CFP: Excess, Desire, and Twenty-First Century Women's Writing [DEADLINE EXTENDED]
CALL FOR PAPERS
CFP: Excess, Desire and Twenty-First Century Women’s Writing
8–10 Feb. 2017. The University of Queensland, St Lucia, Brisbane, QLD4072, Australia
Far from being in excess, are studies of gender in twenty-first century women’s writing dwindling, no longer “in vogue?” And yet, at the same time, we are told, public conversations about gender and sexuality are “too much,” “over the top,” out of bounds and out of touch. With a desire of adding to or redressing this feminist excess, Hecate: An Interdisciplinary Journal of Women’s Liberation, in association with the Contemporary Women’s Writing Association, invites proposals for conference papers dealing with the notions of excess and desire as they are developed in twenty-first century women’s writing.
Jennifer McWeeny reads two female characters in de Beauvoir’s L’Invitée (1943) as “one woman who has multiple, contradictory, excessive selves” (2012). Monique Wittig made a similar claim about the division of the I (j/e) in The Lesbian Body (1973), arguing that “[t]he bar … is a sign of excess. A sign that helps to imagine an excess of ‘I,’ an ‘I’ exalted;” Teresa de Lauretis adds that we might think about excess precisely “as a resistance to identification … [o]r of a dis-identification with femininity” (Lauretis 2007). French feminist theory frequently deals with female “symbolic excess,” disruption and desire (see also Rosemary Hennessy 1993,Mary Russo 1995, Karen Kopelson 2006): bel hooks interprets desire as “yearning” for a better world: post-racism, post-exploitation. We invite abstracts which consider excess and/or desire in these ways, or others, including (but not limited to):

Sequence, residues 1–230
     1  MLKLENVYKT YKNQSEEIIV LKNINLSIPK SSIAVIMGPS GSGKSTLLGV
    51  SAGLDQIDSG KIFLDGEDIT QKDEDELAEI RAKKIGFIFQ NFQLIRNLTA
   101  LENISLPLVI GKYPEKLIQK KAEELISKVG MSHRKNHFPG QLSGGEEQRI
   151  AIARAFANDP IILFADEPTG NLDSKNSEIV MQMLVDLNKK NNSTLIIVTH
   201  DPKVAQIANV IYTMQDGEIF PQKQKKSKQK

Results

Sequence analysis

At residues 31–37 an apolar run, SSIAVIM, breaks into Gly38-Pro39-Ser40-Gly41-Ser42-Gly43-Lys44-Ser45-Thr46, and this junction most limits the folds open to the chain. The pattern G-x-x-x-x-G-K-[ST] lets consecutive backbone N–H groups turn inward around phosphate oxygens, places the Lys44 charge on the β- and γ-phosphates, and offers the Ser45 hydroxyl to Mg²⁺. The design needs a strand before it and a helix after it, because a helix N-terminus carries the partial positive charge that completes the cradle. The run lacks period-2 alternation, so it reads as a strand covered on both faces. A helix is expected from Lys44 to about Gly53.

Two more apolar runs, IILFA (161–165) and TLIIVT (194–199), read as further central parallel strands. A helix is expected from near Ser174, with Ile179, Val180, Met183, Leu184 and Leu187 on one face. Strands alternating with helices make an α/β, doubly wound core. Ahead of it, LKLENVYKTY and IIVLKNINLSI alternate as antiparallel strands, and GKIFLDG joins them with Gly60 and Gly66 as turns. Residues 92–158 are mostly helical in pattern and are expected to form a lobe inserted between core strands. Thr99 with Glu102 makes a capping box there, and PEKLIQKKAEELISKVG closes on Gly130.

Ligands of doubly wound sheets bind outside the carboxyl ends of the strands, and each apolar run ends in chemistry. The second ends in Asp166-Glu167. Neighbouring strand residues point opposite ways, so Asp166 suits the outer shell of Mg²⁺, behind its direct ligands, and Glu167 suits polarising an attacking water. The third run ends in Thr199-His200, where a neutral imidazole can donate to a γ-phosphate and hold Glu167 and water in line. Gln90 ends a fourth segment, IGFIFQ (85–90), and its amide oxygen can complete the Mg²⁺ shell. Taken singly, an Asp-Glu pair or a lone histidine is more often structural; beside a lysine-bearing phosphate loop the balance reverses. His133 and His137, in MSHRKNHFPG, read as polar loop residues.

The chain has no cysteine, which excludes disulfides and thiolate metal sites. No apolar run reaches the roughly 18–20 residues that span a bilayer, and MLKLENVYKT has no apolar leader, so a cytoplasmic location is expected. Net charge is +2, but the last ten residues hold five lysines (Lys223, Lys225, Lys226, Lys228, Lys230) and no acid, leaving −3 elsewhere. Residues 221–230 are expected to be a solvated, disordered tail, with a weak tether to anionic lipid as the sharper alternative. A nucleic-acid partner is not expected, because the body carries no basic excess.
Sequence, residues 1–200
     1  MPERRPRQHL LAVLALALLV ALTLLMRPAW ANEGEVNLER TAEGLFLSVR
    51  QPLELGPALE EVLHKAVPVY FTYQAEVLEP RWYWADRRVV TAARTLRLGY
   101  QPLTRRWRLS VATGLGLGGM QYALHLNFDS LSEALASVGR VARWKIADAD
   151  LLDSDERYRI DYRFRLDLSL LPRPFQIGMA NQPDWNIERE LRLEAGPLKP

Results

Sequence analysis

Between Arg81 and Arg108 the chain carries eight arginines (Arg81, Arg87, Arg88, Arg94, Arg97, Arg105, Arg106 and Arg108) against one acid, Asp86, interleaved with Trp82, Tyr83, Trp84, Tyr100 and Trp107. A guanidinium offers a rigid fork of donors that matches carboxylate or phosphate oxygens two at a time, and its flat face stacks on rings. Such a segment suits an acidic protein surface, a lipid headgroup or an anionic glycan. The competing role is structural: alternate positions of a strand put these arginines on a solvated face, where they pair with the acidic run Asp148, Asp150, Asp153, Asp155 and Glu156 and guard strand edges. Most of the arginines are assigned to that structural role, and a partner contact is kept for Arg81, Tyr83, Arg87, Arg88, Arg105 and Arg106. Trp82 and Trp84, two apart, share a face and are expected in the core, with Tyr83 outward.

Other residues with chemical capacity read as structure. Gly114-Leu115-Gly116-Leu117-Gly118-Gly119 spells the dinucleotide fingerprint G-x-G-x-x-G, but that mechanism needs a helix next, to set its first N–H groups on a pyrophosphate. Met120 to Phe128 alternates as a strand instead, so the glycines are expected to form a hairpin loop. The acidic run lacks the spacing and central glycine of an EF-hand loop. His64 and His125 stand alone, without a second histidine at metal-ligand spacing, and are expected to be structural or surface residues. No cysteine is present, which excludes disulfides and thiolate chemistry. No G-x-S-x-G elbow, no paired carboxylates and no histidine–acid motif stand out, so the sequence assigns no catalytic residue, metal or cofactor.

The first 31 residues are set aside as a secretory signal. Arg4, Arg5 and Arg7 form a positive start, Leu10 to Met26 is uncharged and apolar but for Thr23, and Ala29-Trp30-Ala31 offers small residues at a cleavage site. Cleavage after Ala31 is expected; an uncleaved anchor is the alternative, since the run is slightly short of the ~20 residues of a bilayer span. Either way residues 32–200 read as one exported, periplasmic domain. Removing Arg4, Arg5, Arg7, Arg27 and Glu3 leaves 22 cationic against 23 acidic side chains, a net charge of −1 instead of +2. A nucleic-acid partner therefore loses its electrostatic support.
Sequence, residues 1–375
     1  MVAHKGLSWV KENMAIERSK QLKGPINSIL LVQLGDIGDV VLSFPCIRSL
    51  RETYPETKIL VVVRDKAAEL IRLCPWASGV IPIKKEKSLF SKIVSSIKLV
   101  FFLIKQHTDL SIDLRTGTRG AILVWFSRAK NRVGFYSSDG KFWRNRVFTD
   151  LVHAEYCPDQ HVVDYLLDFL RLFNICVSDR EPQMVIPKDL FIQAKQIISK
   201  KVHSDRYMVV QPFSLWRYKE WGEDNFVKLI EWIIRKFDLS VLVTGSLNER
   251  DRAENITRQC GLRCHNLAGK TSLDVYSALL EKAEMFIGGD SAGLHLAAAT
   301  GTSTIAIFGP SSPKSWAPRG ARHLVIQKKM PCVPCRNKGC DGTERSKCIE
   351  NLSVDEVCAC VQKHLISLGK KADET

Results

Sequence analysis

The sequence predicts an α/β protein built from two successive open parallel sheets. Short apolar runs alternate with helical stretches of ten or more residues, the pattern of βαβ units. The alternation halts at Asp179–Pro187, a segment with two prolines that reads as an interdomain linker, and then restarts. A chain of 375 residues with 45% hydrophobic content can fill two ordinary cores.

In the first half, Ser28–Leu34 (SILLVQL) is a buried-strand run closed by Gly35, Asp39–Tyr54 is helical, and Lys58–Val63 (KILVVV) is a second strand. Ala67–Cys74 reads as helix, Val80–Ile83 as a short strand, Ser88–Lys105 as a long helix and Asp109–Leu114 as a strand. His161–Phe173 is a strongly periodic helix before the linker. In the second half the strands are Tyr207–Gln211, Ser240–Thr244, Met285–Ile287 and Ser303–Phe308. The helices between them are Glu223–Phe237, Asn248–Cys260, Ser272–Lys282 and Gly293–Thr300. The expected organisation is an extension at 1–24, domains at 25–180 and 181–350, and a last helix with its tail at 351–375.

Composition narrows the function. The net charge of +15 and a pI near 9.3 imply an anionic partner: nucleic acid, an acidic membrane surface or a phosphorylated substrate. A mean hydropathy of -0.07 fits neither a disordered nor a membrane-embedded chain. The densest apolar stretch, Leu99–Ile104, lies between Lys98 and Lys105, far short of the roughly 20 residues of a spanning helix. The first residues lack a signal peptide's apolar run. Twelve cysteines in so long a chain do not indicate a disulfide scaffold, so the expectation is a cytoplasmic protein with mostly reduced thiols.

- Female embodiment, both abled and disabled
- Jouissance and enjoyment
- Food, eating, consumption
- Speaking out, current feminist discourses in the public sphere and excess and/or desire as feminist critique
- Excess(es) of trauma and violence
- The grotesque and the carnivalesque
- The excess or uncanniness of literary language
- The excess of theory
- Desire, yearning and capitalism’s negative excess(es)
- Desire and revolution
- The “proper” and the ladylike
- Excess affect
- Comparison with antecedents in the pre-21st Century
- Cross-cultural/transnational excess and/or desire
Confirmed attendees so far include Sneja Gunew, Susan Sheridan, Gina Wisker, Sanjukta Dasgupta, Devaleena Das.
Send abstracts of 250 words (for 20 minute papers) and brief biography to Prof. Carole Ferrier firstname.lastname@example.org and Dr Jessica Gildersleeve email@example.com by 9 December 2016 (deadline extended).